Jon Jungel's picture

Mainly, the old-fashoined way: I subscribe to a magazine. However, I also find very useful.

C.  King, Thousand Oaks, CA's picture

Amoeba records, Los Angeles; Rockaway Records, Los Angeles; CD Trader, Los Angeles; Music Direct; Elusive Disc; Acoustic Sounds; Audiophile USA; Todd the Vinyl Junkie; Better Records (! In other words, what I can't find at my brick-and-mortar hangouts, I find in cyberspace. I also receive email alerts from all of the connections mentioned above. Geez, the lengths that people will go to find that special slab of vinyl.

micdro's picture

Radio Canada

Nathan's picture

My roommate, Aquarius records, Presto Classical, and my roommate some more.

Jeff Glotzer's picture

Ordering vinyl locally or via online sellers! If there is a freebee MP3 download to the vinyl, fine—but no way am I making the switch to non-physical media! Ever!

mjs's picture

Satellite radio, local college radio, Amazon—people who like A also like B— Stereophile, and other online forums. It's still tough...

df's picture

A small amount based on recommendations made by a variety of online services, another bit by just taking the occasional chance. But mostly, the time-proven way of recommendations from friends with equally diverse and eclectic, but cultured, musical taste.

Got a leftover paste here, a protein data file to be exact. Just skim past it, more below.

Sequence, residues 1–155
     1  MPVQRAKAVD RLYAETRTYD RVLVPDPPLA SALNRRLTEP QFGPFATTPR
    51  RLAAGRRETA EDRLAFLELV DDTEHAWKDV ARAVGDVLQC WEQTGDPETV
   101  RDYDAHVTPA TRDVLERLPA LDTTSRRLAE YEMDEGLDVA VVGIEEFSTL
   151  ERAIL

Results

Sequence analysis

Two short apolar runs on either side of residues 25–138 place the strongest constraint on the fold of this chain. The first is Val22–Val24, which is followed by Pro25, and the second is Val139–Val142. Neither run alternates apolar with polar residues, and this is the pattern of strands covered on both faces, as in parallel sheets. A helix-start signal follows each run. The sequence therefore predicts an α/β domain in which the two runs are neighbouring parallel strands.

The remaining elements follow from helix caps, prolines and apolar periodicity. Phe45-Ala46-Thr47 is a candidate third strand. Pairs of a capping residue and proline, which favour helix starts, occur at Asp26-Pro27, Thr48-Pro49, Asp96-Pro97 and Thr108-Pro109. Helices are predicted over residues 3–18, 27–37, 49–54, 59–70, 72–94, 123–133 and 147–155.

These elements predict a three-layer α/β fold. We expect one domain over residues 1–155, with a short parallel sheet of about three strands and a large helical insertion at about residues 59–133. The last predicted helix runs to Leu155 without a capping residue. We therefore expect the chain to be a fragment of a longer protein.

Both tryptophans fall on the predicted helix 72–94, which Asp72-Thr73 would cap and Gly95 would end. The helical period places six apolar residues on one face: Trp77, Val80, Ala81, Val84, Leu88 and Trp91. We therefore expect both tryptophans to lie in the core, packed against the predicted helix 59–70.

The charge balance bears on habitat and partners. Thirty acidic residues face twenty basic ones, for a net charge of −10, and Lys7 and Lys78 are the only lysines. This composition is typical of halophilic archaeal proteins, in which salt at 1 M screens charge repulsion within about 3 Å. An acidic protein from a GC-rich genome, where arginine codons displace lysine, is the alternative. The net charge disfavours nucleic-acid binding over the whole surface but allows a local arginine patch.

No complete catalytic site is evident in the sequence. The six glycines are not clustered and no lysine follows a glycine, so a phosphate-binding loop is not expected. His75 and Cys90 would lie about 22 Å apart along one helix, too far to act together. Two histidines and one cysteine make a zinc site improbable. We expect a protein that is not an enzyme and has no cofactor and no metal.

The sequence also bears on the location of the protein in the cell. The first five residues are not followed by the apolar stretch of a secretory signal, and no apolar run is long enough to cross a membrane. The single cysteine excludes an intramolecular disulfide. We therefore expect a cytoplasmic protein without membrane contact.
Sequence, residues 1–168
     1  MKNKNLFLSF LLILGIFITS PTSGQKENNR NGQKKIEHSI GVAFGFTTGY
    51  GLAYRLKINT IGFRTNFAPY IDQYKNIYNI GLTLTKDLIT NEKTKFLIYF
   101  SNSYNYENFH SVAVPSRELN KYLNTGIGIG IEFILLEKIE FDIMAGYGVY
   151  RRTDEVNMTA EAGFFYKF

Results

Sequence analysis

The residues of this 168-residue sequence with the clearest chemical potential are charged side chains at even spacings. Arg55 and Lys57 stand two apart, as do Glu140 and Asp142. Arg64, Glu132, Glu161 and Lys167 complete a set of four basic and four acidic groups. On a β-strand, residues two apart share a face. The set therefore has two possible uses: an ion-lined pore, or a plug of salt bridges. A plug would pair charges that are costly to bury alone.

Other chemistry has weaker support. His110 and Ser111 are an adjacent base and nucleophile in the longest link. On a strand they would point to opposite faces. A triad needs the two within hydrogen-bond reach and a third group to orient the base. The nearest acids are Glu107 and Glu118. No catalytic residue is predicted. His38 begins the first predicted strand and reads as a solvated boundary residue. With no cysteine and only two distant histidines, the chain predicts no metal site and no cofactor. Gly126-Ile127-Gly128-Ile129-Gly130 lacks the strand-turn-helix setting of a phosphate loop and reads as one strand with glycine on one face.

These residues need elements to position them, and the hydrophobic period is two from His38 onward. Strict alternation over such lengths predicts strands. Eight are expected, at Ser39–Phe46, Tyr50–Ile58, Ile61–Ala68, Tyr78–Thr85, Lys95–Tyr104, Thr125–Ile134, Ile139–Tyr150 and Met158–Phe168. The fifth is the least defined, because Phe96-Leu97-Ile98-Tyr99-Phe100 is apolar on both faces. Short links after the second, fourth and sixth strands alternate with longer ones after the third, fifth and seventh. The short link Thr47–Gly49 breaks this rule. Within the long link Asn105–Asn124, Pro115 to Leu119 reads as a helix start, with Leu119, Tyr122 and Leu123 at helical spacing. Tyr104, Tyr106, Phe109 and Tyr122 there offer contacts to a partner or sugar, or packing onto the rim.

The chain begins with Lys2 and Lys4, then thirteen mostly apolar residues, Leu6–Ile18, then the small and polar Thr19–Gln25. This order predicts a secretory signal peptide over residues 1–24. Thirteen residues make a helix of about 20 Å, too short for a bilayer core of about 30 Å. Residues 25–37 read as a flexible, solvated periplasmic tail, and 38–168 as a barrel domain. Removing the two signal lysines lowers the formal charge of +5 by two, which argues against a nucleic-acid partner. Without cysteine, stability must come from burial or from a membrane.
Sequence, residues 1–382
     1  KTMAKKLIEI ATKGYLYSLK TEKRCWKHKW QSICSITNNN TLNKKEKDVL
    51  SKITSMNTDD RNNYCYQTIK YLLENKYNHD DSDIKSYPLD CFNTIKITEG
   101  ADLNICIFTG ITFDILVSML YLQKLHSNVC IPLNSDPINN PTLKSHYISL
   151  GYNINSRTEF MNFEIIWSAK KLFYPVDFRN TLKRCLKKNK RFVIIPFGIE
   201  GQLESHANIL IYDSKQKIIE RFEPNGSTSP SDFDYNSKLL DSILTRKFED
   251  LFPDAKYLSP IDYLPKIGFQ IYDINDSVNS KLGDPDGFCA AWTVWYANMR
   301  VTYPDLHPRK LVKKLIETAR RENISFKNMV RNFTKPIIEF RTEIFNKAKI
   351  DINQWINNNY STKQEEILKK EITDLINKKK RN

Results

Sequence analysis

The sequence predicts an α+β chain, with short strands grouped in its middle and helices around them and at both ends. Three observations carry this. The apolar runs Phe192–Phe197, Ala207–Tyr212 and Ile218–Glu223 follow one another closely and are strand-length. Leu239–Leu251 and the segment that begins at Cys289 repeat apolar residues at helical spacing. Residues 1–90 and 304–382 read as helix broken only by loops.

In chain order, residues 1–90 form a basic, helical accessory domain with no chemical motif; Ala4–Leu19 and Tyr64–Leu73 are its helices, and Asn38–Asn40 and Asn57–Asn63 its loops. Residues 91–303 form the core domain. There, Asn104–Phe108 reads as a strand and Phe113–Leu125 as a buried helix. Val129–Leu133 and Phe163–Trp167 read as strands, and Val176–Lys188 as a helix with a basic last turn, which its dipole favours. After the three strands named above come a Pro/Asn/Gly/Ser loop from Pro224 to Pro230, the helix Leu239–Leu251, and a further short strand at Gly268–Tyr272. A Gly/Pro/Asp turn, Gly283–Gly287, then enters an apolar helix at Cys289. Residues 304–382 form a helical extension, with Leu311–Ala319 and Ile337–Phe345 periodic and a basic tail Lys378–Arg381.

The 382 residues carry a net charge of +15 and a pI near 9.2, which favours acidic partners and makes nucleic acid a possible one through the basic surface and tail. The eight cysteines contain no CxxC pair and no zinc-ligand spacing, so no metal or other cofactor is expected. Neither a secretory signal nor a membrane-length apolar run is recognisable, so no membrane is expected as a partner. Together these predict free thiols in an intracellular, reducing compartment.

Bruce Seiler's picture

I go to local concerts and buy CDs of the groups there.

Louis P.'s picture

101.9 WRXP in NYC. They stream from Finally, freedom from the Clearchannel Evil Empire that ruined rock on the radio in the Big Apple for so many years.

Al Earz's picture

Well, one way is XM, and possibly the most common for me has been at the audio store. It seems dealers are always playing something that sounds good and I get interested enough to stop and buy a copy. If I owned an audio store, I think I would keep a couple copies of anything that I was playing and sell it.

Jon Caley's picture

You guys.

WalkerTM's picture

Go to a local jazz club or concert hall ans listen to it live and then buy it directly from the artist. Except for a few stations, if you listen for it on the radio, all you will be stuck with is hyper-sexualized or hyper-violent mediocrity.

Tony Dell's picture

Still use the traditional approach (for classical fans): BBC Radio 3 CD reviews (Saturday broadcast), Gramophone, and MusicWeb. Finally, I use the eMusic legal MP3 site to try out a track or two before finally deciding on CD or hi-def download.

Bill Wright's picture

I usually browse Amazon for new music CDs, but avoid purchasing on iTunes, due to degraded audio quality. Also find new CDs via Amoeba Records' listening kiosks. Lastly, overhearing music at cafes & through recommendations by friends.

Mike's picture

I listen to Radio Paradise. They have a good survey of the kind of jazz/folk that I like. I also check out Stereophile for classical selections.

craig's picture

I try to avoid "new music" whenever possible. Everything worth listening to has already beem made.

Dimitris Gogas's picture

I still listen to the radio. It's radio via satellite these days. That new invention, the Internet, isn't so bad either.